Cast Iron Seat Collector Travels Globe for Rare Seats
Vintage cast iron seat collecting is more than a hobby for this Texan – it's his mission
Don Lanford, Austin, Texas, proudly poses before a portion of his 600-piece cast iron seat collection.
Ninety-year-old Don Lanford has turned vintage cast iron seat collecting into more than just a hobby – it’s his mission.
In fact, Don has traveled the globe in search of rare and unusual seats to add to his collection, including Wales, Russia, China and Australia.
Yet, Don’s dedication to seat collecting has also carried him across America in search of hard-to-find seats. Just last year, the Austin, Texas, collector endured a grueling 28-hour bus ride to purchase a choice cast iron seat at auction for a friend and fellow collector in Wales.
After years of patient seat hunting, Don’s got the colorful collection to show for his efforts. Today, he owns about 600 cast iron seats – probably the largest collection in Texas. Don’s seats are all from vintage horse-drawn implements, except for one tractor seat. Few duplicates are found in Don’s collection, but he keeps a couple around to trade with other collectors.
A family affair
Don caught the itch for cast iron seat collecting after his brother, Rex, took up the hobby. Don began collecting cast iron seats in the 1950s, but didn’t become a serious collector until after he retired in 1990. “That’s when I first joined the Cast Iron Seat Collectors Association and started collecting a little more in earnest,” Don says.
The duo maintained a farm equipment sales and repair business for years, and began accumulating seats from repair jobs that came into the shop. Don can’t recall which seat he collected first among his massive and colorfully painted collection, but a Peters (Type 1) No. 824 seat was one of the original seats he collected. Rex found the seat in a field while on a pheasant hunting trip, and when Rex died in 1981, his wife gave Don the seat. “I’ve hung on to that seat because it has sentimental value,” Don says.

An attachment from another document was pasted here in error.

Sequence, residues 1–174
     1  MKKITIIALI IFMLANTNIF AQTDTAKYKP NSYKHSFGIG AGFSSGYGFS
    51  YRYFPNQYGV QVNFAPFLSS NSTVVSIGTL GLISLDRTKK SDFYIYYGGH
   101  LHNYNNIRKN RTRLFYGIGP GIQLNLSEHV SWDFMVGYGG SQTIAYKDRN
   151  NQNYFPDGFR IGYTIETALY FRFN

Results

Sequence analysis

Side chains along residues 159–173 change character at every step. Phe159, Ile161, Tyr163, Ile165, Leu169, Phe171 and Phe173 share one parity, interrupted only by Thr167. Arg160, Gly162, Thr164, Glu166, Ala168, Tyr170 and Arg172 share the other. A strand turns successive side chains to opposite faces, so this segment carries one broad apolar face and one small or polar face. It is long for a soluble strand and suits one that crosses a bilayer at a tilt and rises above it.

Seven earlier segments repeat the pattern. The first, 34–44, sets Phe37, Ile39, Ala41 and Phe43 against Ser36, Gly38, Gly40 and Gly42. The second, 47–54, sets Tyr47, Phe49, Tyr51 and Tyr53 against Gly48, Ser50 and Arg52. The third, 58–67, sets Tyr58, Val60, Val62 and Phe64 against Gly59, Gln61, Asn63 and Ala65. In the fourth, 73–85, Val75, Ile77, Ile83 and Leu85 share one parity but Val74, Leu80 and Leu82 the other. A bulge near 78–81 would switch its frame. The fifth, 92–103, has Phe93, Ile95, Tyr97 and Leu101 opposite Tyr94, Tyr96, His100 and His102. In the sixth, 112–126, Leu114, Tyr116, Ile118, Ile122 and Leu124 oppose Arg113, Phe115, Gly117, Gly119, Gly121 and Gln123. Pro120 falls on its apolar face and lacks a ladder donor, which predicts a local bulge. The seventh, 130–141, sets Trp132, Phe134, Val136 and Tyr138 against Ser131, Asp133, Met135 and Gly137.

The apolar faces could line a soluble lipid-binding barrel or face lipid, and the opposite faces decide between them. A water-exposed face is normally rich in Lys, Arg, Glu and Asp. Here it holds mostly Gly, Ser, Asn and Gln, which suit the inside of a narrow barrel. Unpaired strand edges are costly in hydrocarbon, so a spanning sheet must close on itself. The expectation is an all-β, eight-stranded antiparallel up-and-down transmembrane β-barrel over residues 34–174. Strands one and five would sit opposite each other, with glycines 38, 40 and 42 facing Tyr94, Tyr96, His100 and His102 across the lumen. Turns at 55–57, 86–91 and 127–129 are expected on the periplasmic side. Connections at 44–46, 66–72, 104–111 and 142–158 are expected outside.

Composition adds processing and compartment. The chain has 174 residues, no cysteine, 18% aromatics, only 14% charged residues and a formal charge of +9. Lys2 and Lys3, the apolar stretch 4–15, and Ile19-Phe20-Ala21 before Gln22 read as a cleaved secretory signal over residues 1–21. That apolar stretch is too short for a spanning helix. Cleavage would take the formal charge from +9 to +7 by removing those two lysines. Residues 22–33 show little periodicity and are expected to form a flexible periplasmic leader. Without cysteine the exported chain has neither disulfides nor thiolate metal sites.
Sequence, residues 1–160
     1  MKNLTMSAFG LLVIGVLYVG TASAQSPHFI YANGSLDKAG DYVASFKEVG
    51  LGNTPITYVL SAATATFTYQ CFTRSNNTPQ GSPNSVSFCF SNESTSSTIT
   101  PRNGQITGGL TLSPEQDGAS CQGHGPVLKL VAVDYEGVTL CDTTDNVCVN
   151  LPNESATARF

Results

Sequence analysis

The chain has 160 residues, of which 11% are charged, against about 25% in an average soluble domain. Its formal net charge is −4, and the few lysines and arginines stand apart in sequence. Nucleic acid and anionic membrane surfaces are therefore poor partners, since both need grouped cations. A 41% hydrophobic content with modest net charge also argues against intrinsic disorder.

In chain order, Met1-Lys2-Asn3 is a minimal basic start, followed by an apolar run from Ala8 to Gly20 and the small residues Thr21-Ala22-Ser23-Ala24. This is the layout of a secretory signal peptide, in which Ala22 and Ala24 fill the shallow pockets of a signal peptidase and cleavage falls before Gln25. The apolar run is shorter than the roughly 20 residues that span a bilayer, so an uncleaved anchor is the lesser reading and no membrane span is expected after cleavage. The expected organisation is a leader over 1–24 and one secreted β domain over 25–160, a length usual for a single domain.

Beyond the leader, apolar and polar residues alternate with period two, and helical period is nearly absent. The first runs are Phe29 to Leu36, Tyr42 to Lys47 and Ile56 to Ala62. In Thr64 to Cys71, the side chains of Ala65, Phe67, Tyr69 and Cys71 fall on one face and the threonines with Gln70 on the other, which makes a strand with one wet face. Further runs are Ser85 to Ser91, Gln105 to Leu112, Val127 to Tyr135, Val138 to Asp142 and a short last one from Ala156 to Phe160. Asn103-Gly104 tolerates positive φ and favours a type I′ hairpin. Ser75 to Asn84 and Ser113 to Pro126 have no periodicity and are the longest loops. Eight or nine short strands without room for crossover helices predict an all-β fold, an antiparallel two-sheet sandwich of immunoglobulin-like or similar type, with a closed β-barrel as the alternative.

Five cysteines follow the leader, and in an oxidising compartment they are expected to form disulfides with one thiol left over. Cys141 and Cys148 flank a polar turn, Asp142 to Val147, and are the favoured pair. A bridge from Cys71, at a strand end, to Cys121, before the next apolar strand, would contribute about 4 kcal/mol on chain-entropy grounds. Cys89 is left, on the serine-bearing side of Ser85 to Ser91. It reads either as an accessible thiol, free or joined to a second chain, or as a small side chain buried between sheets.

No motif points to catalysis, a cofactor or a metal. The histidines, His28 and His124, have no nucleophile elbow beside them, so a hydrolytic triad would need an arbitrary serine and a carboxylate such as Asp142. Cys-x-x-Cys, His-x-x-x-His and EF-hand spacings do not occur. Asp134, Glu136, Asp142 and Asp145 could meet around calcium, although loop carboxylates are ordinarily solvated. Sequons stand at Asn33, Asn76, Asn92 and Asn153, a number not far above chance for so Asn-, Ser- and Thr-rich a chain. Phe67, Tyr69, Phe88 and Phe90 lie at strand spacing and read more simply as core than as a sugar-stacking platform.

A Blanket, Texas, native, Don mounted most of his seats on wooden A-frames atop a flatbed trailer, which he stores outside the family business. Seats also line the business’s exterior walls and serve as antique ornaments that often draw the attention of customers.
Don’s most prized possessions reside indoors in the lobby, however. There, he proudly displays two racks of his most rare – and most valuable – seats. Many of the seats in this special collection have international origins, providing a peek at farm history and culture from countries such as Germany, Holland, Norway, France, Sweden, England, Australia and New Zealand.
Rare and unique
Don owns one pre-war German seat, which is particularly rare because most were melted and made into munitions during World War II. The seat is a Jacobi Hennef No. 573, which is rated a 10 in John D. Friedly Jr.’s Cast Iron Implement Seats V. “I don’t know of another anywhere,” Don says.
He paid $425 for the German seat at a collector’s auction in 2000. It’s difficult to estimate the seat’s worth, Don says, because it’s likely one of a kind. Bud Porter, newsletter editor for the Cast Iron Seat Collectors Association, agrees the market price for the Jacobi Hennef seat hasn’t been set, but adds that it’s probably worth more than $500 at auction today.
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